The most common professional development qualification is an MA / MSc in Advanced Social Work, and in this case the specialism would be children, young people and their families and carers. You will usually study full or part time for 1 or 2 days a week as you continue in your social work job. It’s essential that your employer supports you in your professional development because you will be required to produce evidence of certain competencies from your work, and be able to attend your course during the week
The course will expand your skill base and develop best practice working procedures to ensure better outcomes for vulnerable children and their families. As a social work practitioner during this course you will be able to strengthen your social work knowledge, gain further experience working with children and families and critically evaluate that experience. Once qualified as an advanced social work practitioner you will be able to draw on your recently gained knowledge of case studies and best practice policies in order to provide a better service for the children and adults you will be working with.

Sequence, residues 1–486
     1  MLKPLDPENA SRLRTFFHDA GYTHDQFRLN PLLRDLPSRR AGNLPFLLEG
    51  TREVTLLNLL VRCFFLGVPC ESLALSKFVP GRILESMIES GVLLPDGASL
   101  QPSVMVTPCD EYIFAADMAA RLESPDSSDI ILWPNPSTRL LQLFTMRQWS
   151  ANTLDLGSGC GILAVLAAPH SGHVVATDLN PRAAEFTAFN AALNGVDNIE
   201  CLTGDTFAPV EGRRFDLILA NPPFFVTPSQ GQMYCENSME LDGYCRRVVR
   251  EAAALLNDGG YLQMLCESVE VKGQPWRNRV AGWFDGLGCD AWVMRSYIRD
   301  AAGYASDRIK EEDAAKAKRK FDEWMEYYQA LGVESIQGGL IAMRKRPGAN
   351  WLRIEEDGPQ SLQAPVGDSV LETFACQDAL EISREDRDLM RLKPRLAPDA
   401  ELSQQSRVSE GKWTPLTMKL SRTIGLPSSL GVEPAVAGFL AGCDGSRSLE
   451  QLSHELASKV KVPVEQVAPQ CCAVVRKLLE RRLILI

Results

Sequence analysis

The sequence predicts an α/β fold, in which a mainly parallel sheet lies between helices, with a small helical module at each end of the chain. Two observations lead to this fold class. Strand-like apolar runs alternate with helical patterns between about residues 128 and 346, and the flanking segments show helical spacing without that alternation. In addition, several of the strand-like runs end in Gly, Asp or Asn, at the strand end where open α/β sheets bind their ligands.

Most universities run this course, or one similar that is focussed around children and their families. Wherever you chose to study, you can be assured that your skills as a social worker to affect the lives of children and young people for the better will become more advanced and effective.
Advanced social worker specialising in rehabilitation
As with many postgraduate social work qualifications, this course also allows successful candidates to register for GSCC higher level registration. Full time attendance is available, which is 2 days per week and means you could complete the course in just one year. Part time attendance is also available at 1 day per week and you can take up to 5 years to complete it.